What was it about the current methods of motion capture that you felt was lacking?
The previous ways of recording a performance have focused on capturing bone structure and animating around that. I’ve been doing research for a long time to try and do something where it was more about the outside of the face rather than the inside. It’s the muscles on top of the cheekbones and what have you that do all the emoting, after all. We pitched that to Sam and Dan, and some of the other guys at Rockstar, and they were saying that level of fidelity would be what was key to pull off the kinds of things we had in mind.
Having said that, I don’t think it was actually working in a really good way until probably even 18 months, two years ago. What we had in previous iterations was this giant text adventure that you’d play with all these characters on screen who weren’t saying any of the dialogue.
It was all just text on the bottom of the screen and we could just foresee that everyone was going to go, “Wow, what’s this all about?” Thankfully, there was a bit of hooray moment when the MotionScan began to work as we wanted. Faces started to go in the builds of the game and people could actually see what it was like, and sort of capture what the game was all about. We were really lucky, in a sense, that the guys hung in there for so long to let it blossom into what it was going to become.
It definitely sounds like you guys came at it first from the idea of wanting to create this kind of fiction, rather than wanting to create some new technology first.
Oh, yeah. That’s definitely true. I look at film noir and even things before that, like “Metropolis” and Fritz Lang. The thing that I really liked was how, with the use of two or three lights in a scene, you can get so much drama. I think that’s pretty amazing in the older cinema.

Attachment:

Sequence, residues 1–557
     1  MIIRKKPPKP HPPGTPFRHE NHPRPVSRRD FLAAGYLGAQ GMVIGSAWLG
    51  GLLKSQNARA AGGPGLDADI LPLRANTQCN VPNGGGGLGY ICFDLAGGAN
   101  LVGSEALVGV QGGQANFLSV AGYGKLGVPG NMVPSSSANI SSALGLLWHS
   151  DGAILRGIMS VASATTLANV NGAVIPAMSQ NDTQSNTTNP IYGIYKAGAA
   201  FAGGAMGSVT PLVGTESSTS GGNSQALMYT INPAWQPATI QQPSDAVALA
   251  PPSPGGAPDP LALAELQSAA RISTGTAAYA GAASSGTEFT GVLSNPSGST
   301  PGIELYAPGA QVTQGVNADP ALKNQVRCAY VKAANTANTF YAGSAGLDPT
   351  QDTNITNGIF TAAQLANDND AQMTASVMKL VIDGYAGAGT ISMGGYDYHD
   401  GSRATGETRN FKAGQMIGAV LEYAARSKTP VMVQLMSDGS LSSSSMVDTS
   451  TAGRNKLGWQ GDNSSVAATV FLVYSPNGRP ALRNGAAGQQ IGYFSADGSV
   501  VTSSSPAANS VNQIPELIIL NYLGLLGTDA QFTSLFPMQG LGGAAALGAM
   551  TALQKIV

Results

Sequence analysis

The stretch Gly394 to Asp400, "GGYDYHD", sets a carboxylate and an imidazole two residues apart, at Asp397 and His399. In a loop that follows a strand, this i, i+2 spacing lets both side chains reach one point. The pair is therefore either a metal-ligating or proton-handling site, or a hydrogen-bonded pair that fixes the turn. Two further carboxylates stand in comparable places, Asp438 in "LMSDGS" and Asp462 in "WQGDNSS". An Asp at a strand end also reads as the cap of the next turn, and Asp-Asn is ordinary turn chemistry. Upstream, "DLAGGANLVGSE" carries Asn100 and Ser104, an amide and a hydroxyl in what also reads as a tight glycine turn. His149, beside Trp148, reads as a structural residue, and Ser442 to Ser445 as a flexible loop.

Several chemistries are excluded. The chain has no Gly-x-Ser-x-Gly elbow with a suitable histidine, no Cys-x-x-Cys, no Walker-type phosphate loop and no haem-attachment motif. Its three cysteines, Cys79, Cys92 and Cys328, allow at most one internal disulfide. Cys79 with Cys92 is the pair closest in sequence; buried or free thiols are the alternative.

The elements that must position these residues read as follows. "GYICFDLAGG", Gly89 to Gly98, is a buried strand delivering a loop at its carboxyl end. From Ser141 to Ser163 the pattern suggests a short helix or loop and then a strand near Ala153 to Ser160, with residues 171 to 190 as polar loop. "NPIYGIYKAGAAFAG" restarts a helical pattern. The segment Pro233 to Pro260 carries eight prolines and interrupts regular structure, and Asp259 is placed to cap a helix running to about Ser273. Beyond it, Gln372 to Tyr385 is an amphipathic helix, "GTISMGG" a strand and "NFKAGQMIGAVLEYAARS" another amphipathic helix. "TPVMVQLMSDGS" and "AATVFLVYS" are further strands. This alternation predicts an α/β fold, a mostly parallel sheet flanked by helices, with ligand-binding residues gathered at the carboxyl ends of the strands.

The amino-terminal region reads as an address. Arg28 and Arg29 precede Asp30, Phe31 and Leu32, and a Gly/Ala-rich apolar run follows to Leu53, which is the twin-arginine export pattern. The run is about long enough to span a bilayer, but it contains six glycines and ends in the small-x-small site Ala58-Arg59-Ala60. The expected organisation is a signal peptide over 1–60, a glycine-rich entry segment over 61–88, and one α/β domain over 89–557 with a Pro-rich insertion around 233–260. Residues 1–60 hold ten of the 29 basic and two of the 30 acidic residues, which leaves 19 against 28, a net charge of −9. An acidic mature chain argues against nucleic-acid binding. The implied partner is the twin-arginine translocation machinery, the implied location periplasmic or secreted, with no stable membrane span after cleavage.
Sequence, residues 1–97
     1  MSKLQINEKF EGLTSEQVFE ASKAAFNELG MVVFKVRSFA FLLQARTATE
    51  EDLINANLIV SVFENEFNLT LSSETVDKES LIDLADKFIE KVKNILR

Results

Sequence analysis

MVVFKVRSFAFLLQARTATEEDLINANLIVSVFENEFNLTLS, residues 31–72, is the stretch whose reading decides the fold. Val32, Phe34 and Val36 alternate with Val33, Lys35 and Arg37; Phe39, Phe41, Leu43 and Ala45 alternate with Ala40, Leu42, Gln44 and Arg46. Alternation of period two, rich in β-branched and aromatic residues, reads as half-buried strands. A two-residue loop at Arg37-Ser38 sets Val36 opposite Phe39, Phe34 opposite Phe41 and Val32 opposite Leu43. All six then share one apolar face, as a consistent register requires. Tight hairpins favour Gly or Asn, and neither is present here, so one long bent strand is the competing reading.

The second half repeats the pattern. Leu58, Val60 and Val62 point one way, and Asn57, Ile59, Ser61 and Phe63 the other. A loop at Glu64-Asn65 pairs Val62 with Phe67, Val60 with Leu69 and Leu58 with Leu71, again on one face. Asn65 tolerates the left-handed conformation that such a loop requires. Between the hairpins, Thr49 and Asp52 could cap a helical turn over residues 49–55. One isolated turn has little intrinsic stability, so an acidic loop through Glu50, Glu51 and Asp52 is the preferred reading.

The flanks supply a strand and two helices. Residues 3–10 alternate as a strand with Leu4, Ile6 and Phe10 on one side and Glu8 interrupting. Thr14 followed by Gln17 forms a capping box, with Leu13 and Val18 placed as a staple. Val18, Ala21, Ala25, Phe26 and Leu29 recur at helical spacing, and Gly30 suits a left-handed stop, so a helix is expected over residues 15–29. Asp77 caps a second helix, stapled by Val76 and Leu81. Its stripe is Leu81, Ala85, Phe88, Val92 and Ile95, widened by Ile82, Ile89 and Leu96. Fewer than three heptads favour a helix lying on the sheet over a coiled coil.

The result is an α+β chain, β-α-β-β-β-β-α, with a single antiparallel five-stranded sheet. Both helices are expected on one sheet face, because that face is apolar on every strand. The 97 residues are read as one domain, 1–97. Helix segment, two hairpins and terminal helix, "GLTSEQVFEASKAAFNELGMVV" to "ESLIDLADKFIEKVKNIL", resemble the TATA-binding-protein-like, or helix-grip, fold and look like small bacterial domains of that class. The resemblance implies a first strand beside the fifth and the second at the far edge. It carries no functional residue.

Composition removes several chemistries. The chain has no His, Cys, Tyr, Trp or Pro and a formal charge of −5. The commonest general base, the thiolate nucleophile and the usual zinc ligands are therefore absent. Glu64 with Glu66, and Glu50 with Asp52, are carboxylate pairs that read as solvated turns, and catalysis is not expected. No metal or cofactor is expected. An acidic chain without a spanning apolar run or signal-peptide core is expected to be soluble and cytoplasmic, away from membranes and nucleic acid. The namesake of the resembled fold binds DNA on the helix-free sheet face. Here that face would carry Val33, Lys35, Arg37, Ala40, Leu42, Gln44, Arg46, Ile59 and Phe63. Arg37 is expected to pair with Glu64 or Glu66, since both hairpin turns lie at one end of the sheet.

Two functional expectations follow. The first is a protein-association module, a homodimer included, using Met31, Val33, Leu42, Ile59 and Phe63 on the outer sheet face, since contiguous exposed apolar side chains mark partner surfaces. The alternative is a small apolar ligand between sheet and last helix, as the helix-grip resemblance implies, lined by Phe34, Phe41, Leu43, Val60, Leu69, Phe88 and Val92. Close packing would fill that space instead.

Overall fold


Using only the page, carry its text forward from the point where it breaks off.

When we first went over to a new generation of console, I knew we could do fancy simulated lighting on the Xbox 360 and PS3. The question then became how do we want to express ourselves with lighting? Then it dawned on us: well, why don’t we do film noir? But, as familiar a concept as a cop show is to most people, we wanted to do a fresh kind of game. The core game mechanic isn’t shooting people; the core game mechanic is asking people questions.
And do you feel there’s some confusion about that? Because you guys are working with Rockstar, people expect an action-heavy chaotic experience. When I sat down in front of the game a couple of weeks ago, I was actually pleasantly surprised by how much different it was in tone compared to some of Rockstar’s other titles.
When people first sit down with it, they generally seem to be kind of shocked, that A) Rockstar would do this kind of game, and B) how the audience would react to it. But we’ve found that most people who have seen it think that Rockstar are the only people who would do this kind of thing. They’re the only people who are brave enough to try and go out and try and create a new genre. They kind of did that back in the day with “GTA,” and created that kind of sandbox mayhem. Now they’re saying, there’s an older audience out there. It’s a potentially much broader clutch of people, who’ll be wanting different kinds of game experiences.
What we’ve seen throughout development is a lot of people sitting on the sofa playing “L.A. Noire” with their girlfriends and friends and passing the controller around, and almost playing it like a TV show. It’s kind of an interesting phenomenon. We like to imagine three or four people sitting there at home watching an episode of “CSI” or playing a case in “L.A. Noire,” and all being equally entertained. It’s different from the normal game experience, I think.